A federal Israel-Palestine: Nonviolence and law to end the 100-year civil war


Non-Jews need to be acknowledged collectively and be freed from subordination

by Chibli Mallat, Daily Star, September 23, 2010

In the first part of this study, the deadlock in IsraelPalestine was presented as a 100-year civil war. New realities on the ground, as well as visionary calls for a united state, instead of partitioning the land at a heavy human cost, have come from leading US thinkers, notably Tony Judt and Seyla ben Habib. If the diagnosis – civil war – and a united federal state is indeed the better way forward, how does one get there?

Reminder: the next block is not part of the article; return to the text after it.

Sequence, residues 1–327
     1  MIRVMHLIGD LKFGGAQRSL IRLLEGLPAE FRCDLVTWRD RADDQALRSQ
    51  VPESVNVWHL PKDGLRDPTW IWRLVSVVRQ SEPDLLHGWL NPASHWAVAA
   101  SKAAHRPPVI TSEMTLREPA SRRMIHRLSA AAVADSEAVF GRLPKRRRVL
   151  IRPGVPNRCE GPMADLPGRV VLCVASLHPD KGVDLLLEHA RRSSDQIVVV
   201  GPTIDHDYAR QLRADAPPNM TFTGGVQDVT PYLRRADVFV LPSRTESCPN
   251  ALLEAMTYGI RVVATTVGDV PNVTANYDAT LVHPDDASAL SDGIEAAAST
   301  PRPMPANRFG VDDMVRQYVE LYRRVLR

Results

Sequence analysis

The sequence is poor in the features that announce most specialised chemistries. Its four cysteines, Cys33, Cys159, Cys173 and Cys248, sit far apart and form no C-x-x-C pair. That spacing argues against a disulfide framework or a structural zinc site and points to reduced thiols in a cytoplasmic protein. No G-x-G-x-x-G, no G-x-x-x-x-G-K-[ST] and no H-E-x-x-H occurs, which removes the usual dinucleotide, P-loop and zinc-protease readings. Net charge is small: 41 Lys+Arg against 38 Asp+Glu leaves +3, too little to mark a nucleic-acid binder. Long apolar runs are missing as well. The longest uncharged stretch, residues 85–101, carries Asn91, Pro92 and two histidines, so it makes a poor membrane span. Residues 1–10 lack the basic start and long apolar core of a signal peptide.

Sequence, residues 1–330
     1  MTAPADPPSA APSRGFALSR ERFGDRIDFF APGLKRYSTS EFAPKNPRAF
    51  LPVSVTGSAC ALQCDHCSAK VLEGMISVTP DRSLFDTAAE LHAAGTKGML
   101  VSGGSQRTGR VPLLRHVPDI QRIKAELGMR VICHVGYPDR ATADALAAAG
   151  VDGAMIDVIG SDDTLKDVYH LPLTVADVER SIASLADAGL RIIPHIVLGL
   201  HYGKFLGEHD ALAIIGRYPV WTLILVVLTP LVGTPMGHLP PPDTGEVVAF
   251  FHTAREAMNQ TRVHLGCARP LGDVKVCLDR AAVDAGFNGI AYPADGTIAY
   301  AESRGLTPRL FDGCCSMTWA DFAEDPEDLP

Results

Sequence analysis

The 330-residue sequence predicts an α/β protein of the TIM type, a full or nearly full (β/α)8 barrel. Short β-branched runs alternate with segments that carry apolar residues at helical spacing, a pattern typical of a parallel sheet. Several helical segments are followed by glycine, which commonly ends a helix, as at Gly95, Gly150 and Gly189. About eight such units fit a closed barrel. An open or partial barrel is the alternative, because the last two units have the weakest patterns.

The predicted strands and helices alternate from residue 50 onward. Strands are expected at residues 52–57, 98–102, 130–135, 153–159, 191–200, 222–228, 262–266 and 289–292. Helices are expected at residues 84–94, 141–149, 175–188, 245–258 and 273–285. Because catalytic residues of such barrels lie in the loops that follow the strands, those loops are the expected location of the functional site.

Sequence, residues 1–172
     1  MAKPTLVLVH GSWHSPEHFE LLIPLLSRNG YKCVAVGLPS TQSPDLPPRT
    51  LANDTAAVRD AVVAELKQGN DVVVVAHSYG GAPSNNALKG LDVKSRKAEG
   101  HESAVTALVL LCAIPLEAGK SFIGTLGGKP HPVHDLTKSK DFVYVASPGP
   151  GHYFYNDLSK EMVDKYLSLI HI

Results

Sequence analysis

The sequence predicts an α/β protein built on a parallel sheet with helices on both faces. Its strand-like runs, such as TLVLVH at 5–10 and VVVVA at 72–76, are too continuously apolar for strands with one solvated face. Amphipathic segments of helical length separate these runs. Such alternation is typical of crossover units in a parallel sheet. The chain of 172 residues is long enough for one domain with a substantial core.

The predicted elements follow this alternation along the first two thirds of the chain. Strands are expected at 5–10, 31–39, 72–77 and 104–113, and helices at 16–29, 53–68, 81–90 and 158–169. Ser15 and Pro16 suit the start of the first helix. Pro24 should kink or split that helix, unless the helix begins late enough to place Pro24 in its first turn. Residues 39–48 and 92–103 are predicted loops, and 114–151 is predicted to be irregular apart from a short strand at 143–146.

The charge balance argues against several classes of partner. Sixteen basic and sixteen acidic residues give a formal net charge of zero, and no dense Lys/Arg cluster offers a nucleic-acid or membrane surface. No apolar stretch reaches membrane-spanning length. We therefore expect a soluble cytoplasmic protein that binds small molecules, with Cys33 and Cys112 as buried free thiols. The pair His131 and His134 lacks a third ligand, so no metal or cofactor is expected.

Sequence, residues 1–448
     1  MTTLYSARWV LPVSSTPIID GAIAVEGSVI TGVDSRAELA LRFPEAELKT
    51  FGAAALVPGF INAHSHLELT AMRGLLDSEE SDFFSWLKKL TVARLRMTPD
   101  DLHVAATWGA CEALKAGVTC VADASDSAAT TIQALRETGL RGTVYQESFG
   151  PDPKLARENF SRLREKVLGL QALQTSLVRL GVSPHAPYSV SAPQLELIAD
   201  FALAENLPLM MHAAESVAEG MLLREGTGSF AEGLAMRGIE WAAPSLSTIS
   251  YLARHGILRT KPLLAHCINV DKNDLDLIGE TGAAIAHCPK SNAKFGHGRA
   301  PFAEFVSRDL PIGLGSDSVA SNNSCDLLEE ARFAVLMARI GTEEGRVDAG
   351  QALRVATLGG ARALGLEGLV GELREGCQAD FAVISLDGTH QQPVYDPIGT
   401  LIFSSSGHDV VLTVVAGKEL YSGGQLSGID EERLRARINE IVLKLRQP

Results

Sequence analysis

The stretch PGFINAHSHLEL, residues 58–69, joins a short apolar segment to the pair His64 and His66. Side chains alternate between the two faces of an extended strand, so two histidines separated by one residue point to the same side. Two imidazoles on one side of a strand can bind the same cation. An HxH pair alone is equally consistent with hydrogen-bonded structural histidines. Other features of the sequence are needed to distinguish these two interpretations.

First, the need to characterize the conflict as one chiefly of a civil war between two so far exclusive constituencies does not mean that we outsiders, in the Middle East, in the US, should keep out of it. All too often we hear a sigh from outsiders, especially in the US: Let them kill each other until they tire; this is not our business. This attitude is wrong because the premise is wrong. The Israel-Palestine problem is also an international problem and has been so since the Basel conference in 1897, in which Theodore Herzl formally mobilized rightly frustrated and pogromized European Jewry to establish a Jewish nation in Palestine, all the way to 9-11, passing through seven or eight wars and counting. Turning our back to “those crazies killing each other out there” is false and immoral. To various extents, communities and states outside Israel-Palestine are inextricably involved in the crisis.Still, the core conflict is one of civil war, and we have to solve it.

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